10 things you should know about the newly updated 2024 Student Loan Act


President Bola Tinubu recently signed the newly updated Student Loan Bill into law, eliminating the previous 2023 Student Loan legislation with immediate effect.

The new Student Loan Act, officially known as the Access to Higher Education Act of 2024, aims to close some of the gaps in the previous Student Loan law while also introducing additional and comprehensive coverage for persons seeking tertiary education or technical and vocational skill development.

In this analysis, we examine major aspects of the Act and its implications for Nigerian students.

Below are ten things to know about the 2024 Student Loan Act 

  1. Establishment of NELFUND: First and foremost, the Act stipulates the establishment of the Nigeria Education Loan Fund (NELFUND) as a corporate body that can sue and be sued in its name and has the power to acquire, hold, and dispose of movable and immovable property for the purpose of its functions. 
  2. NELFUND to provide loans to qualified Nigerians for tuition, fees, charges, and upkeep: The fund is designed to offer loans to eligible Nigerians, covering tuition, fees, charges, and living expenses for their education in recognized higher education and vocational training institutions within Nigeria. 
  3.  Set Up Structure for Funding NELFUND: The Act also stipulates the process and structure through which NELFUND will be funded. According to the 2024 Student Loan Act, the student loan program will be financed by allocating 1% of all taxes, levies, and duties that the Federal Inland Revenue Service (FIRS) collects and that go to the Federal Government, directing these funds to a General Reserve Fund. 
  4. Removal of Family Income Barrier: Prior to the enactment of the 2024 Student Loan Act, the family income of an applicant was a determining factor for loan approval. The applicant’s family income must not exceed N500,000 per annum. Under the revised law, however, this requirement has been removed, and family income will no longer be a prerequisite for eligibility for the student loan.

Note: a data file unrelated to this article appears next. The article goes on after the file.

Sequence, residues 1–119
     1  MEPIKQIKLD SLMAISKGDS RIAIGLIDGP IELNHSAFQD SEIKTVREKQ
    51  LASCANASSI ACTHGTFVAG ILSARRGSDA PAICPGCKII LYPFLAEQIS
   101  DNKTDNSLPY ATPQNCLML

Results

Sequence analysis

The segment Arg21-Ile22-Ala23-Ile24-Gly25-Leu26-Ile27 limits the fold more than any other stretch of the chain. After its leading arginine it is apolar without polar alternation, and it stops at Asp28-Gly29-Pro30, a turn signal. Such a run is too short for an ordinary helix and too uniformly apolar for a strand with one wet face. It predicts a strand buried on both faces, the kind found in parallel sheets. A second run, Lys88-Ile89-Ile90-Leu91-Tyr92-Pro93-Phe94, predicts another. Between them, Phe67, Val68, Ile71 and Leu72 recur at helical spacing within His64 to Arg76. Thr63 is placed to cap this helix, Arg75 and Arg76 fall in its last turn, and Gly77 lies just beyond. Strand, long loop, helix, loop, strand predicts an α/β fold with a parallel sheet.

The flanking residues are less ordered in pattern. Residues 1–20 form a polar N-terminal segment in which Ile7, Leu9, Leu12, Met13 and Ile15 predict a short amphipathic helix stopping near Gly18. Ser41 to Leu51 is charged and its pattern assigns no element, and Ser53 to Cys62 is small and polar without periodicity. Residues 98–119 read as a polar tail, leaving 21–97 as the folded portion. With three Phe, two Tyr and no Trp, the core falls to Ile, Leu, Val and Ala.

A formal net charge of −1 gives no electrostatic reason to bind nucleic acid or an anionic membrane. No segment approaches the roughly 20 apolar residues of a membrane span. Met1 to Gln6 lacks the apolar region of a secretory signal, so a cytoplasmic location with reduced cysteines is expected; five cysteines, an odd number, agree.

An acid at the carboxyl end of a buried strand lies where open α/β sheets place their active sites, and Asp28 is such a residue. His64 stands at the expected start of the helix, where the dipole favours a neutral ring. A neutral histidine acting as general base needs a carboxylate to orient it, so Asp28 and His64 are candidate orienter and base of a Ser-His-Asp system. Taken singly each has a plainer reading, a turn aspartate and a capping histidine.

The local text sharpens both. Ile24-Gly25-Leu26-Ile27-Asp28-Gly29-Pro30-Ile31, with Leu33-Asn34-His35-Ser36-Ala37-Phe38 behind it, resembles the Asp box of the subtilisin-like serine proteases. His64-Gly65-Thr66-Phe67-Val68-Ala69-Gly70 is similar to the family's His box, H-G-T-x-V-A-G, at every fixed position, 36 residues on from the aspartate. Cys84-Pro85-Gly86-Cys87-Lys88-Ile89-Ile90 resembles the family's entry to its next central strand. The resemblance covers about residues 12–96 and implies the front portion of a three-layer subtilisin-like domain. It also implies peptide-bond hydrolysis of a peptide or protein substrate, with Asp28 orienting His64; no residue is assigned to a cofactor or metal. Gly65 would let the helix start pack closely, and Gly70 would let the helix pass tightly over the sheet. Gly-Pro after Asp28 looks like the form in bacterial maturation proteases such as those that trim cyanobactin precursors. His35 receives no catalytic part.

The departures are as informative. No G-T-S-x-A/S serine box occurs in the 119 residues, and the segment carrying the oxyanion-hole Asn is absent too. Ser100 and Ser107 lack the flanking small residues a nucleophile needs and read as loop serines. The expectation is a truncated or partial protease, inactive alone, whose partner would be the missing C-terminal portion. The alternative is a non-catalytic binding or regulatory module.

5. Removal of Guarantor Barrier: The 2023 Student Loan Act stipulated that an applicant must provide a minimum of two guarantors. The guarantors must fall into one of the following categories: (i) Civil servants of at least level 12 in the service, (ii) Lawyers with a minimum of 10 years of post-call experience, (iii) Judicial officers, or (iv) Justices of the peace. The 2024 legislation has no such requirement.  
  6. Loan to include Skill-development Programs: According to the 2024 Student Loan Act, application is not restricted to students in tertiary institutions alone, but also those seeking skill-development programs. The 2024 Act is inclusive to those who want to learn vocational or technical skill in a government-owned institution, but do not have the resources to do so.
  7. Removal of Parents’ Loan History as a Prerequisite: The Act also stipulates the removal of parent’s loan history as a prerequisite for securing the loan for eligible candidates. 
  8. Beneficiaries to begin repayment 2 years after NYSC: The revised law also stipulates that recovery process from beneficiaries of the loan scheme would commence two years after the National Youth Service Scheme (NYSC). 
  9. Punishment for filing false Statement to NELFUND: The newly revised Student Loan Act also stipulates punishment for those who provide false Statement to the Fund. Such person under this section is guilty of a felony and is liable to imprisonment for three years. 
  10. Debt Forgiveness: Lastly, the Act offers a Debt Forgiveness clause in the event of death or acts of God causing inability to repay. In sum, the presidential spokesperson, Ajuri Ngelale, noted that the updated Act addressed the hindrances in the initial version, setting the stage for safeguarding Nigeria’s prospects. According to him, it makes it possible for citizens to fund their studies, learn vital skills, and play a role in national growth.